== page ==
And as Ark talked about, the notion of, let's say, challenges with customers is that we are bringing additional capabilities to market. We're filling in with capabilities that maybe we haven't historically had. We're learning from that. Our clients are learning from that. We think it makes us more relevant to clients and then it supports our growth long-term, which is expected to continue to be in excess of 20% per year.

Joseph Foresi -- Cantor Fitzgerald -- Analyst

Great. Thank you.

Operator

Thank you. Our next question comes from the line of Moshe Katri with Wedbush Securities. Please proceed with your question.

Moshe Katri -- Wedbush Securities -- Analyst

Hey, thanks, good morning. Is there a way to quantify the impacts from the ramp-downs on revenue growth for the quarter? And then as a follow-up, you mentioned that fin tech and insurance are both offsetting the weakness in the traditional banking business in Europe. Can you give us a -- maybe some color which percentage of the overall financial services vertical these two emerging growth areas account for? Thanks a lot.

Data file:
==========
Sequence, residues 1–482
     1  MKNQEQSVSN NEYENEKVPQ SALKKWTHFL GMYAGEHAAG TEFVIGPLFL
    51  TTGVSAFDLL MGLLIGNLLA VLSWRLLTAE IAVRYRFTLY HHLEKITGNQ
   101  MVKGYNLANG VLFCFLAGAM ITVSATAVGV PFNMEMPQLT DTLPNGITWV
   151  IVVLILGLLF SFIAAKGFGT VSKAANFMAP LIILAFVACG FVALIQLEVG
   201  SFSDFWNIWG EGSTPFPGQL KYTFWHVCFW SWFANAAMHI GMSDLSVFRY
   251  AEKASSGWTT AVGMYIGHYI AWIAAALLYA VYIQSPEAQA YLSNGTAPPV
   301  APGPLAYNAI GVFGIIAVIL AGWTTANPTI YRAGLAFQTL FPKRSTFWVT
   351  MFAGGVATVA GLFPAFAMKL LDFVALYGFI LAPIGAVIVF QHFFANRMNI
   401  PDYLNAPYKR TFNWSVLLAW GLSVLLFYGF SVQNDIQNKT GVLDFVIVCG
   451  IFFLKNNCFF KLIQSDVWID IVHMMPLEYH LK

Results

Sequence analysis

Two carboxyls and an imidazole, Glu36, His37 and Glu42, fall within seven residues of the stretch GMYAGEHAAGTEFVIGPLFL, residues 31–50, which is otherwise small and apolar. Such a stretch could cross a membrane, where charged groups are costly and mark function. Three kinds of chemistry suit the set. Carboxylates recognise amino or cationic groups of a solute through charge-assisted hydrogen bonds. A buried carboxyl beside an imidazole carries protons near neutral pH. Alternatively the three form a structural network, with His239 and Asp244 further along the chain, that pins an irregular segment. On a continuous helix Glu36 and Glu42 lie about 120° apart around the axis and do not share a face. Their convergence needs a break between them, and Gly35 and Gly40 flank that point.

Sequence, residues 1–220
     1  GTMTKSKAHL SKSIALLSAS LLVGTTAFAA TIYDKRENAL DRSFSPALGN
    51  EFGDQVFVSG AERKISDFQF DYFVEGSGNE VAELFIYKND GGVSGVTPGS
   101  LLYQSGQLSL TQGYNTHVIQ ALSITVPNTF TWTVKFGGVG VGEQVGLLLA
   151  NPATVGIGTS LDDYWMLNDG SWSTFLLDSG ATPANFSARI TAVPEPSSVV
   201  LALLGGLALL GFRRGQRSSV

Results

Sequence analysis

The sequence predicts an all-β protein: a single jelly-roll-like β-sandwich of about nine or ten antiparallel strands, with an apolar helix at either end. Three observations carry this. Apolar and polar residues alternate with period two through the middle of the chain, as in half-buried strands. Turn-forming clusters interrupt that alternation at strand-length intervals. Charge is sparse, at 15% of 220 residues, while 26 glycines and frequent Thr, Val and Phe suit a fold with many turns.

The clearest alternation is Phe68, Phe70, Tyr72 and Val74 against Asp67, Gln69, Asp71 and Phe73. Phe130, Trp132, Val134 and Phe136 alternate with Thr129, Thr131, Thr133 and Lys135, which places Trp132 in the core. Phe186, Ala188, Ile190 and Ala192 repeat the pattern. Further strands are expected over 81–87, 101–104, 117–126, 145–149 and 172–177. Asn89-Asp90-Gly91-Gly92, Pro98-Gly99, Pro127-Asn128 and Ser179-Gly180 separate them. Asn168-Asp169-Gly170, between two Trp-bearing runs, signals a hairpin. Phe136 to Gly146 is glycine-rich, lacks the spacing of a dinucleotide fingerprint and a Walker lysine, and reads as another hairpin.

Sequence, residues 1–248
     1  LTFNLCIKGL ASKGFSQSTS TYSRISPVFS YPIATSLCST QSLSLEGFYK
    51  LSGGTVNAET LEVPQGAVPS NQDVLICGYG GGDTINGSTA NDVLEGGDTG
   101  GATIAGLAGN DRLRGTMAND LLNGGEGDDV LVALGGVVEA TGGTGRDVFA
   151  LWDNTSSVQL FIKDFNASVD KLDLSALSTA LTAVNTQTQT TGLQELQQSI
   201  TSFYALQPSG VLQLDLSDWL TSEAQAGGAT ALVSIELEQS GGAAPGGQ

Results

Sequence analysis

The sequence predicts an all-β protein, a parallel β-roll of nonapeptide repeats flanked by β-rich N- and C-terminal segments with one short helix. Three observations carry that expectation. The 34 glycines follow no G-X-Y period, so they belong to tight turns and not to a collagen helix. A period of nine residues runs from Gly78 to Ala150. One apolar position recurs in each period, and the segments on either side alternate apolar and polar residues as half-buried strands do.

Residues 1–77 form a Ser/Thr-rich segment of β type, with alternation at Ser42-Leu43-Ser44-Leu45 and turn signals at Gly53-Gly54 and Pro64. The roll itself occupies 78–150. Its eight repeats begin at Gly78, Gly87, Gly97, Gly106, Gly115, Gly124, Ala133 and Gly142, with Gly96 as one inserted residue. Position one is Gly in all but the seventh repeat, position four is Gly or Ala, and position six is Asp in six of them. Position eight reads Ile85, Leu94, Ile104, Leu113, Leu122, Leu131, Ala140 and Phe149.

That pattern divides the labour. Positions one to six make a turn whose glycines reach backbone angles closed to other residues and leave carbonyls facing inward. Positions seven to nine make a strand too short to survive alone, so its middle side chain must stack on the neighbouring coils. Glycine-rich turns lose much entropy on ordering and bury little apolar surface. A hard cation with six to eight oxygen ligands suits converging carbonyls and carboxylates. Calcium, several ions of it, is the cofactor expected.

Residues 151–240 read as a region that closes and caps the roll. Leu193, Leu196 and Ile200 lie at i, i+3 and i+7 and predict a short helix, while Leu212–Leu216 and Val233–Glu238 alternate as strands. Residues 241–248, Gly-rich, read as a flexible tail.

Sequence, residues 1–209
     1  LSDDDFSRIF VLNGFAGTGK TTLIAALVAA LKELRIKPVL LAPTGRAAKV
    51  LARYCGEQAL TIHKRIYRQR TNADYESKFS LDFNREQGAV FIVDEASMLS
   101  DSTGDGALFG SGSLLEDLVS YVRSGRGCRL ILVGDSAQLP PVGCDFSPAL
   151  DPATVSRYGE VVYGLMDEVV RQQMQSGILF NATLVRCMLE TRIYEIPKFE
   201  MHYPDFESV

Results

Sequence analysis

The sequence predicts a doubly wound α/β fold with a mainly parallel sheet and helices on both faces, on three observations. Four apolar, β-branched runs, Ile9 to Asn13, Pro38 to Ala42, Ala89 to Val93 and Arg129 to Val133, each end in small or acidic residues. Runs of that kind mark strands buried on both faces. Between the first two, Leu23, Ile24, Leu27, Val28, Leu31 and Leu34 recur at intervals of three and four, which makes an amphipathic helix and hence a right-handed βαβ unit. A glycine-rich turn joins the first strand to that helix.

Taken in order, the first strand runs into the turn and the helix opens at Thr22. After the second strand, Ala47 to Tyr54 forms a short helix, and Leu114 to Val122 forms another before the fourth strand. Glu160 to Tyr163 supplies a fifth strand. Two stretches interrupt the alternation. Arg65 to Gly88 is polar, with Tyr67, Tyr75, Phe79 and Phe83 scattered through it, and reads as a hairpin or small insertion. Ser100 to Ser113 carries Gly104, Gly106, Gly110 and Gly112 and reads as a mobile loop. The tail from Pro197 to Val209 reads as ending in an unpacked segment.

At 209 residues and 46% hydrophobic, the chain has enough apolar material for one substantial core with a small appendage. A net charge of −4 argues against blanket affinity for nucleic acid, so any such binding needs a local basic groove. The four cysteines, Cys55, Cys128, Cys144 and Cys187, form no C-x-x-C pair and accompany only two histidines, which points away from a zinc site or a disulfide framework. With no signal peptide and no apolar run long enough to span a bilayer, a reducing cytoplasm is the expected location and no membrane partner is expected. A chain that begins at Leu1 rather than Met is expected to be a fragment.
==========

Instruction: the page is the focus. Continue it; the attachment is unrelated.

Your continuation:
Jason Peterson -- Senior Vice President, Chief Financial Officer and Treasurer

Yeah, I think I probably wouldn't spend a lot of time with this moment sort of dissecting different components of the financial services practice. What I can say is that we've got a significant series of growth opportunities in the fin tech. We've talked about insurance, which is small and we think rapidly growing. But then I'm going to pull back and just kind of talk about the business overall, is that EPAM has always had a -- broad source of growth opportunities across industry verticals, across both new and existing clients.